And this week’s Sneak-Out Wednesdays movie is… Looper!

For the first 30 minutes, I honestly thought it was a turkey. It commits that laziest of all directorial sins: the narrative track that explains the film for those in the audience who shouldn’t really be let out unsupervised. (“I’m too untalented to show you, so I’m going to read it out instead.”) It probably came from a focus group rather than the Director’s hand, but it’s intensely annoying nonetheless.

Fortunately, after the first half hour the director gets the upper hand over the focus group again (there’s definitely going to be a Director’s Cut) and it turns into this amazing piece of art. Tarantino on his best day would have trouble getting close.

I didn’t come with high expectations. Time travel films annoy me, travelling the arrow backwards being one of the few things that’s really impossible. But let’s face it, a world where Bruce Willis speaks French and Mandarin is already pushing the disbelief scale skywards…. and the subgenre’s so full of hackneyed cliches I didn’t think there’d be much creativity here.

But somehow Rian Johnson pulls some real characters out of the Kansas canesugar. It’s believable how a young runaway might grow up into a jobbing assassin trained to kill without motive or reason and think himself the Man for doing it. There are the right motives for jumping into a time machine when you’ve got a chance to escape. The whole narrative is well-constructed and pretty coherent within its own frame of reference. (Although I’d have taken a gun back with me, Bruce.)

The way Joseph Gordon-Levitt presumably trained for days (possibly fixed in post) to get just the look of a young Bruce Willis in his eyes for one of the film’s opening sequences … the way his older self might still find the killer within him unreconstructed after all… I’m not giving anything away here; this much is in the trailer and voiceover. But there’s a couple of not-quite-foreseeable plot twists – and I left the cinema happy. 8/10, Rian Johnson.

SNS Special Alert: Long Live Science

Mark Anderson of the SNS Newsletter has used the successful MSL landing to skycrane this poignant piece into the rarified atmosphere of public science awareness. It’s aimed at a US audience, but with religionists and public sector workers – and worse, those who misguidedly pander to their reality distortion fields – on the march in the UK too, it has relevance here too. Here it is in full.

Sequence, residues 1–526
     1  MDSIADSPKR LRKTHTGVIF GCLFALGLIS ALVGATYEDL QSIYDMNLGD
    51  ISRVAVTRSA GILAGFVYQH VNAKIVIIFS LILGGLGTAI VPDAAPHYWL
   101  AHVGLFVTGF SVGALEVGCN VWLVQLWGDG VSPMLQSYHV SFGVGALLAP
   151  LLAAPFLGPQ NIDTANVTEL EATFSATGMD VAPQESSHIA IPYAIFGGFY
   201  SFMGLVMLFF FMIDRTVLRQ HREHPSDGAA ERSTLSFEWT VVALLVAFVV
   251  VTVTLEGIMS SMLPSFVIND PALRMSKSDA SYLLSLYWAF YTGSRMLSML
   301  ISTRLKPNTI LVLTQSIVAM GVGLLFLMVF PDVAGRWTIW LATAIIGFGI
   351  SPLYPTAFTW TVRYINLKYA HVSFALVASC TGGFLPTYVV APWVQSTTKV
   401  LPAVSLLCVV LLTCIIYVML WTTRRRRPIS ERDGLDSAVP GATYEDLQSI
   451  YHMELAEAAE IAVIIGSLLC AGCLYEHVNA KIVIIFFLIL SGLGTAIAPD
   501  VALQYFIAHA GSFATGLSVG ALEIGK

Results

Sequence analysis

To All SNS Members:

Many of you have already written in asking for permission to re-distribute this piece.  Please feel free to distribute to as many people and publications as you wish, with the caveat that it be complete, and have attribution.  I hope it does good in larger circles – and thank you for your willingness to do so. – mra.

To Our Members:

As you are no doubt aware, at 1:38 a.m. this morning, NASA and the Jet Propulsion Laboratory/Caltech succeeded in landing a one-ton rover named Curiosity on the surface of Mars.  This effort required years of scientific, technical and engineering preparation, resulting in a novel multi-stage process for getting heavy equipment onto the red planet, rife with steps which, if any failed, would likely cause mission failure.

The landing occurred without a single problem, including minutes during the critical last phases of the flight when the spacecraft was out of communications with Earth and ran autonomously.

While this effort will no doubt have a great impact in improving our knowledge of the Mars geology and surface, including habitability for future human missions, and perhaps information on past life in the targeted crater, there is a deeper meaning to this effort: